A proposed pipeline project for moving swelling supplies of Bakken crude oil in North Dakota has hit a roadblock in neighboring Minnesota, causing its sponsor, Canadian-based Enbridge Energy Partners LP, to report Wednesday that the project will be delayed at least a year.
The earliest estimated start-up for the 612-mile, $2.6 billion Sandpiper oil pipeline has been pushed back to sometime in 2017, Enbridge said in a filing to the U.S. Securities and Exchange Commission (SEC). The 225,000 bbl line had been slated to be in service early in 2016.
A likely result will be increased pressure to move North Dakota oil by rail, and on the existing pipeline infrastructure serving the Bakken/Three Forks shale play. Sandpiper is proposed to move the crude to the Clearbrook hub in Minnesota and on into Wisconsin. Genscape called the delay “a small victory for crude-by-rail investors facing competition from growing North Dakota pipeline takeaway capacity.”
“The delay is a result of a longer-than-expected permitting process in Minnesota,” Enbridge noted in a short 8K SEC filing.
Minnesota regulators have requested a more extensive study of the environmental impacts of six possible routes for the pipeline that have been offered by opponents of the company’s proposed route through the state.
A Houston-based spokesperson for Enbridge told NGI‘s Shale Daily the company recently received an oral decision from the Minnesota Public Utilities Commission (MPUC) “indicating another change in the regulatory process for the Sandpiper Project, and [we] are still assessing what effect the decision made by the MPUC will have on the timeline for the project and how it will proceed with the Sandpiper Project application.”
Meanwhile, Enbridge continues to work with stakeholders along the proposed route, the spokesperson said. “Those most directly affected by the project — landowners whose private property will be crossed — support the project. More than 90% of them have signed easement agreements with Enbridge.”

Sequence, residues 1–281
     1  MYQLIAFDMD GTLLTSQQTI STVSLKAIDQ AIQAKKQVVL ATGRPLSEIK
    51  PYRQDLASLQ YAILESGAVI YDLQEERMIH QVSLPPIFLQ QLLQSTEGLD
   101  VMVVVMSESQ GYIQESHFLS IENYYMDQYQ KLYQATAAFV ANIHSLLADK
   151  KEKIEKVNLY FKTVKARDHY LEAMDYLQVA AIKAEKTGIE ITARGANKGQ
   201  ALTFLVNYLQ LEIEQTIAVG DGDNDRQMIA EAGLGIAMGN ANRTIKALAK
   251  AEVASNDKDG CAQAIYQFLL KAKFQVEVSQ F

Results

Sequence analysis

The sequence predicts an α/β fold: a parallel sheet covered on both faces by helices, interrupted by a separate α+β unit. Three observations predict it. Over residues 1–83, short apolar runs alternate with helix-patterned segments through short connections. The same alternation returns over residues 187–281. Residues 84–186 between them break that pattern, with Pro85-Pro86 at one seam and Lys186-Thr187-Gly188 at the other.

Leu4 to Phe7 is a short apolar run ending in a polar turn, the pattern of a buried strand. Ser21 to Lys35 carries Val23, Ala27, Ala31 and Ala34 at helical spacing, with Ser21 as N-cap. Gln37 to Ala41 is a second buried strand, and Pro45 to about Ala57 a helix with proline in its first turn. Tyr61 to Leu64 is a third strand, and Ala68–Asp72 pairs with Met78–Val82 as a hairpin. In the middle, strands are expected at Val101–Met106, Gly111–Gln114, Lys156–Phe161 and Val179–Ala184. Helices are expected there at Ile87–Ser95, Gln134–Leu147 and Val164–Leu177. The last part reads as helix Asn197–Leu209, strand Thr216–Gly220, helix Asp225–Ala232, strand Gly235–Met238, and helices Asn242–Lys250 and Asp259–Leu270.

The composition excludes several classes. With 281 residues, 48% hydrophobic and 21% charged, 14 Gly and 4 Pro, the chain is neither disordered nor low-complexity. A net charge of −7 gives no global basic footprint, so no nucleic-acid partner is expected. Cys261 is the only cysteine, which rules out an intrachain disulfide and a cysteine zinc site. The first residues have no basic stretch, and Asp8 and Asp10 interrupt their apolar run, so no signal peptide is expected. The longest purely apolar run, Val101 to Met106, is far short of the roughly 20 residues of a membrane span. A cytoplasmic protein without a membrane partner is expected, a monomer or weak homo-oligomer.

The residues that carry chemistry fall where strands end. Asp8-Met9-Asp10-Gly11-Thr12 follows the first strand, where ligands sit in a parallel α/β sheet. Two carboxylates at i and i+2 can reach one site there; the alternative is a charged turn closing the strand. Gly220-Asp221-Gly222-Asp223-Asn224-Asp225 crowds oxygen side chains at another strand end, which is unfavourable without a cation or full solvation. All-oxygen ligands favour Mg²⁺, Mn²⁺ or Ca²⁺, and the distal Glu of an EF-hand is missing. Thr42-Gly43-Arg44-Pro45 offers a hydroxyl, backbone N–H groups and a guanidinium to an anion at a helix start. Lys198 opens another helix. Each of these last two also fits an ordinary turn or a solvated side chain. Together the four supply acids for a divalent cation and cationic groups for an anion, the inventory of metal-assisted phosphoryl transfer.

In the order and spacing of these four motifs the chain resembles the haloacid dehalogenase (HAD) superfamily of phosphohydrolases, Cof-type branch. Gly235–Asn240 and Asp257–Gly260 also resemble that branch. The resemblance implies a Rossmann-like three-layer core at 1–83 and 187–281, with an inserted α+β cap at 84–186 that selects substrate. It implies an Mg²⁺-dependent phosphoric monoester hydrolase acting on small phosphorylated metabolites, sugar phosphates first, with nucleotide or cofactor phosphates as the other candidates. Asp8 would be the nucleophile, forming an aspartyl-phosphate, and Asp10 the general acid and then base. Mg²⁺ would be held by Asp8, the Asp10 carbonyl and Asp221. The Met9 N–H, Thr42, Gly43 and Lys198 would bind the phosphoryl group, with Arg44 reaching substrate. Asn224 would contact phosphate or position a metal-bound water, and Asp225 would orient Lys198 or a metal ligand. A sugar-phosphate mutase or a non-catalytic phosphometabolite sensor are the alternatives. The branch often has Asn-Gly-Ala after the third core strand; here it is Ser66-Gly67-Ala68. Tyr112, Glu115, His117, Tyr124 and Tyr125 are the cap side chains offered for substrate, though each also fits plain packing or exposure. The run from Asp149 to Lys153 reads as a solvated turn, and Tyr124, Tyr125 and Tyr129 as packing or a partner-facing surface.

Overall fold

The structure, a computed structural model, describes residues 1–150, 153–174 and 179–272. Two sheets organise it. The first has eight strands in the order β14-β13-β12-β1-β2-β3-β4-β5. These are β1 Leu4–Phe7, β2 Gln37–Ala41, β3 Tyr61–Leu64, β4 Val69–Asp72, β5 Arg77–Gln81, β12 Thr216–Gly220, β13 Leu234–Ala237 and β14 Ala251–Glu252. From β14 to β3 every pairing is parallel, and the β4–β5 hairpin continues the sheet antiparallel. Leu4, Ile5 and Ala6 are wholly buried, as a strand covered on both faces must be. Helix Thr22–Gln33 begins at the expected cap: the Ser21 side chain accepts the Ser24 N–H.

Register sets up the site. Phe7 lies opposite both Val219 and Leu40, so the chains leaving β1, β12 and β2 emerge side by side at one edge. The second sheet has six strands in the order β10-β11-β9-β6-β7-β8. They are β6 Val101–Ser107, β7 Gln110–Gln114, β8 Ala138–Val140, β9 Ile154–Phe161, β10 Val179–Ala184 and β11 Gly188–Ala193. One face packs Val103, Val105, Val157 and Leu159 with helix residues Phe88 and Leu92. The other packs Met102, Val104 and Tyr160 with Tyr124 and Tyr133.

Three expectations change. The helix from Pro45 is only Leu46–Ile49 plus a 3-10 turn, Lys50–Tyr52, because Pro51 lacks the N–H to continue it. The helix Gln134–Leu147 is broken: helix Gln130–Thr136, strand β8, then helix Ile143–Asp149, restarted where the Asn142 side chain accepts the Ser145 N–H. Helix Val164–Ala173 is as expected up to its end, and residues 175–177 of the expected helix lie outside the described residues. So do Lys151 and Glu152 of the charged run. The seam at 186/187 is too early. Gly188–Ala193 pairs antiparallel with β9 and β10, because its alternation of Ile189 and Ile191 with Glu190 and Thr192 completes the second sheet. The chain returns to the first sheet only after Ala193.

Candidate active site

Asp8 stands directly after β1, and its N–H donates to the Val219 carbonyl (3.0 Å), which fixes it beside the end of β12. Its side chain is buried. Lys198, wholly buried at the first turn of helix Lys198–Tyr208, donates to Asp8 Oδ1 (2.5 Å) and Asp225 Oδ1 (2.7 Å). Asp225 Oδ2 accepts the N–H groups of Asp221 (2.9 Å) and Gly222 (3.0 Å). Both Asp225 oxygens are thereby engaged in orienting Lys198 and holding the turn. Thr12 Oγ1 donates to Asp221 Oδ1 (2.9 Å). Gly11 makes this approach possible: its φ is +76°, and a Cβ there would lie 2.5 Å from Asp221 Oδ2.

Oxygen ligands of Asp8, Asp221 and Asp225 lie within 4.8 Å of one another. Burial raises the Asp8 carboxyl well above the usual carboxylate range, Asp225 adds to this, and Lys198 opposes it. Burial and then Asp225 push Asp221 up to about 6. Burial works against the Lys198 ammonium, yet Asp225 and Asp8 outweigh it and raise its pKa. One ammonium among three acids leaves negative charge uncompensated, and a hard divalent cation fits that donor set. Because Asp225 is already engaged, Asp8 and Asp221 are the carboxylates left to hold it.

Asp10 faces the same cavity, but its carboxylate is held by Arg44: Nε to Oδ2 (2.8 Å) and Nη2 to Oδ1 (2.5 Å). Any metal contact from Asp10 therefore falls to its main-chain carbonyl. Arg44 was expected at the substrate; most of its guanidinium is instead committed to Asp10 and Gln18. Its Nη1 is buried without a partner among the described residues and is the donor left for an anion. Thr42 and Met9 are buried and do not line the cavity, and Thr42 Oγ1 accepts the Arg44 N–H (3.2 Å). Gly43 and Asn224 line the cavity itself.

In addition, five county commissions (Polk, Red Lake, Clearwater, Aitkin and Carlton) have passed resolutions or signed letters in support of the project, the spokesperson said. “We will continue to work with the regulatory and permitting authorities, as well as the public, as the regulatory process unfolds.”
Justin Kringstad, director of the North Dakota Pipeline Authority, said the pipeline is “a very important project” for his state’s oil production. “The pipeline will provide growing volumes of crude oil a safe and reliable method of transportation to markets around the United States.”
Oil production that was originally intended to ship on the system in 2016 will need to find alternative methods of transportation until Sandpiper is placed into service, Kringstad said. The proposed pipeline’s capacity equates to the equivalent of four daily trains carrying crude.
As part of a larger campaign seeking tougher federal regulations for crude oil rail shipments, and in response to crude rail shipments increasing “dramatically” in recent years through his state, Minnesota Gov. Mark Dayton late last month sent a letter to his North Dakota counterpart, Gov. Jack Dalrymple, asking him to stiffen-up state requirements on the quality of Bakken crude to reduce its alleged higher volatility.
Ron Ness, president of the North Dakota Petroleum Council, pointed out in an Associated Press (AP) report the irony of the governor’s concerns about trains when his state regulatory panel is now delaying a major pipeline that could help relieve the crude-by-rail traffic through his state. “This is a great project and we’re ready to go,” Ness told the AP.
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